Another important nutrient, zinc is responsible for numerous aspects of cellular metabolism. It is integral to growth and development, the function of the immune system, maintenance of visual health and even helps with brain function in the form of neurotransmission.
Its role in aiding growth means deficiency can cause stunted physical development in children and issues relating to pregnancy in adults. Zinc deficiency may also cause a weakened immune system and therefore an increased susceptibility to various infections and illnesses.
Potential Zinc Interactions:
Calcium: The University of Michigan informs that clinical studies on animals have shown severe inhibition of zinc vitamin absorption when high levels of calcium are also present, however, this has not been proven to be true in humans. There is conflicting clinical evidence on whether or not calcium negatively affects vitamin absorption of zinc in humans, but it is important to make note of it when considering supplementation options.
Vitamin B-9: Successful vitamin B-9 absorption is dependent upon an enzyme that, in turn, is zinc dependent. Therefore, if zinc levels are insufficient in the body, vitamin B-9 is directly affected. Though this isn't necessarily a direct interaction between the two, it's still important to consider because both vitamins support one another.
Further Vitamin Interactions
It is not just the interactions between vitamin B complex, calcium, zinc and magnesium that need to be considered when you're considering nutrient supplementation. There are other pairings to consider, particularly how vitamins and minerals react with iron.
Vitamin D and iron: Deficiency of these two nutrients is directly linked — those with a vitamin D deficiency were found to be three times as likely to suffer from an iron deficiency as those who had normal vitamin D levels.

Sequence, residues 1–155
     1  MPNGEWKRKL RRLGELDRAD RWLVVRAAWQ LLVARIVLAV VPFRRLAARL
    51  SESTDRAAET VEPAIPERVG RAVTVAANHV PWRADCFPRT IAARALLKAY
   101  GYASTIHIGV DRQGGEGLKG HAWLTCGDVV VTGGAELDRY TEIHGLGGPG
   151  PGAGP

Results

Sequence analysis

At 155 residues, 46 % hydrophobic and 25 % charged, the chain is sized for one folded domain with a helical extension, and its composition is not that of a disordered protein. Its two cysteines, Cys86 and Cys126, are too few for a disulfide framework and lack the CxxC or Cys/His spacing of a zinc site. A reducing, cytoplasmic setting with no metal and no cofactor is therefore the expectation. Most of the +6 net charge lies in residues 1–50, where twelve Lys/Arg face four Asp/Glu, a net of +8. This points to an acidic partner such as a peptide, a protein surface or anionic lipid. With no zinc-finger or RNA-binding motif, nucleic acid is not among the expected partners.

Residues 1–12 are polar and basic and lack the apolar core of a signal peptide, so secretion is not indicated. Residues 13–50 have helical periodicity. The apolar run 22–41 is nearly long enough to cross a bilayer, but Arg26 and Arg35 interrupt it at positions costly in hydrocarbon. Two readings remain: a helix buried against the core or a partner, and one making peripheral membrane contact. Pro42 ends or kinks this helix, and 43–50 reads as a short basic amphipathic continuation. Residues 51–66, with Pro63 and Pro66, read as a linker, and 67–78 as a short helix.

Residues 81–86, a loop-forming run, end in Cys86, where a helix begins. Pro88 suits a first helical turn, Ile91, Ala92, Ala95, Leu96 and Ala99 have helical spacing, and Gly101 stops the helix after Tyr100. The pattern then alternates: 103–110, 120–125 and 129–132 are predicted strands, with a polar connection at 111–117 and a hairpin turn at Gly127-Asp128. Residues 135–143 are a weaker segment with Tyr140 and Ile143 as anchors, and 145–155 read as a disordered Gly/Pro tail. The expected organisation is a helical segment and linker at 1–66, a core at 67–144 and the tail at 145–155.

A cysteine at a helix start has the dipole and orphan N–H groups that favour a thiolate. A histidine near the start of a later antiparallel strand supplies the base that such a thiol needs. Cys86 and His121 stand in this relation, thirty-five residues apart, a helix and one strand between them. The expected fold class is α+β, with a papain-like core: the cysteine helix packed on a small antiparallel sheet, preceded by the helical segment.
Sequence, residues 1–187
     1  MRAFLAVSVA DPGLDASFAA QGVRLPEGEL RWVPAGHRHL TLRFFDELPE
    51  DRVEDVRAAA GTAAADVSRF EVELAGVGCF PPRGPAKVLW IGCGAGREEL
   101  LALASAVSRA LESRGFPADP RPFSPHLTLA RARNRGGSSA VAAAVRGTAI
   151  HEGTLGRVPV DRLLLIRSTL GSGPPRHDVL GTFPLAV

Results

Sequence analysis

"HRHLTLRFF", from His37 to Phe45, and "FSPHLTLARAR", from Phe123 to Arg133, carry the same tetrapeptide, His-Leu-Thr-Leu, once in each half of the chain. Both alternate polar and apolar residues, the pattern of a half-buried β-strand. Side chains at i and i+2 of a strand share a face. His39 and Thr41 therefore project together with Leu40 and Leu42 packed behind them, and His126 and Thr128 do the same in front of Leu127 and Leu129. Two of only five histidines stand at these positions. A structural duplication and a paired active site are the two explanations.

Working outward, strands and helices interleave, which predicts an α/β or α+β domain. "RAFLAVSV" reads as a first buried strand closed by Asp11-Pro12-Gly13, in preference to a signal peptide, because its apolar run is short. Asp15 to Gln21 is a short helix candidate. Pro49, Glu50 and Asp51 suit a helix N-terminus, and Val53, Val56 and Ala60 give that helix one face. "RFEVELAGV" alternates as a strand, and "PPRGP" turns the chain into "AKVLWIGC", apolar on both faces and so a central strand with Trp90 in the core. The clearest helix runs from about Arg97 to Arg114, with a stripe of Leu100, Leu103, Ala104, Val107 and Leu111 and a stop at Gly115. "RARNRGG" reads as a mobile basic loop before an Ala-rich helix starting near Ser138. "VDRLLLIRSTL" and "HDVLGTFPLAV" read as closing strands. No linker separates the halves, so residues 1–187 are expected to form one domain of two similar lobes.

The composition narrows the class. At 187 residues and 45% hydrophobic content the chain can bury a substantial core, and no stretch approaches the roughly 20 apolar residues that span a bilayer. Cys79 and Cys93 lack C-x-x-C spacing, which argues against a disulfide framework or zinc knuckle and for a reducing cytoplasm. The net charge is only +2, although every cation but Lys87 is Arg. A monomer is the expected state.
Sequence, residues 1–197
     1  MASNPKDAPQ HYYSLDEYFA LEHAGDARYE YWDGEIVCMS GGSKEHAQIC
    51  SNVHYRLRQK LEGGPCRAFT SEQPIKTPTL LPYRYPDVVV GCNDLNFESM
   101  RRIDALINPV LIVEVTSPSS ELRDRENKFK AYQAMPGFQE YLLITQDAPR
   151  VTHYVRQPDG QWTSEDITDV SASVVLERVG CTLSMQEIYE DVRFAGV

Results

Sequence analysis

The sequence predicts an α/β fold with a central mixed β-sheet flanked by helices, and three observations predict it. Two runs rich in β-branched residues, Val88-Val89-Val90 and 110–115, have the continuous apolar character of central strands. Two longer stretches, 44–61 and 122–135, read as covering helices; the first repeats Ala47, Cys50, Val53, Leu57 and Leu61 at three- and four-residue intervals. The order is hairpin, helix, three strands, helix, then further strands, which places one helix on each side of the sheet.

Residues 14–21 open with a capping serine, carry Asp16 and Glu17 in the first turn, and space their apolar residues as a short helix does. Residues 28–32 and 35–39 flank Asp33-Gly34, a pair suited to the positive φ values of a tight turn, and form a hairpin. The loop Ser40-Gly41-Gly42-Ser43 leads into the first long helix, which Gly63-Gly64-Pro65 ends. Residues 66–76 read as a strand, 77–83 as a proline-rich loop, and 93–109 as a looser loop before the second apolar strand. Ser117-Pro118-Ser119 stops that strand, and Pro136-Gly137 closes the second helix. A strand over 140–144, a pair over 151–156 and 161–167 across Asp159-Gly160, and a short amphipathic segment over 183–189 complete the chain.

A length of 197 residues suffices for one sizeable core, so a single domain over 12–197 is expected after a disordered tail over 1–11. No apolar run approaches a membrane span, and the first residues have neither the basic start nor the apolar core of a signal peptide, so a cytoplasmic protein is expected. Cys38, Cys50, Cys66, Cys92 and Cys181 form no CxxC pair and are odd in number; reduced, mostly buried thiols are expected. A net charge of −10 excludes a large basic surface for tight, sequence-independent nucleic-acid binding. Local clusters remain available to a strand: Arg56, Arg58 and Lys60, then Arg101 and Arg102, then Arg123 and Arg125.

Biotin and iron: A December 2016 study published in the Journal of Discovery Medicine found that a higher intake of iron actually maximized the benefits of supplementary biotin.
Before considering any drastic changes to your diet or supplementation routine, discuss the risks with your healthcare professional. In addition, some medications may react negatively with certain vitamins and minerals, so bear this in mind.
- US Pharmacist: "Drug Interactions With Vitamins and Minerals"
- University of Michigan: "Vitamin B Complex"
- Vitamin D Council: "Vitamin D Deficiency in Relation to Iron Deficiency: Is There a Link?"
- National Library of Medicine: "Intersections of Pathways Involving Biotin and IRON Relative to Therapeutic Mechanisms for Progressive Multiple Sclerosis"
- National Institute of Health: "Vitamin B-12"
- Oregon State University: Linus Pauling Institute: "Calcium"
- Oregon State University: Linus Pauling Institute: "Zinc"
- Oregon State University: Linus Pauling Institute: "Magnesium"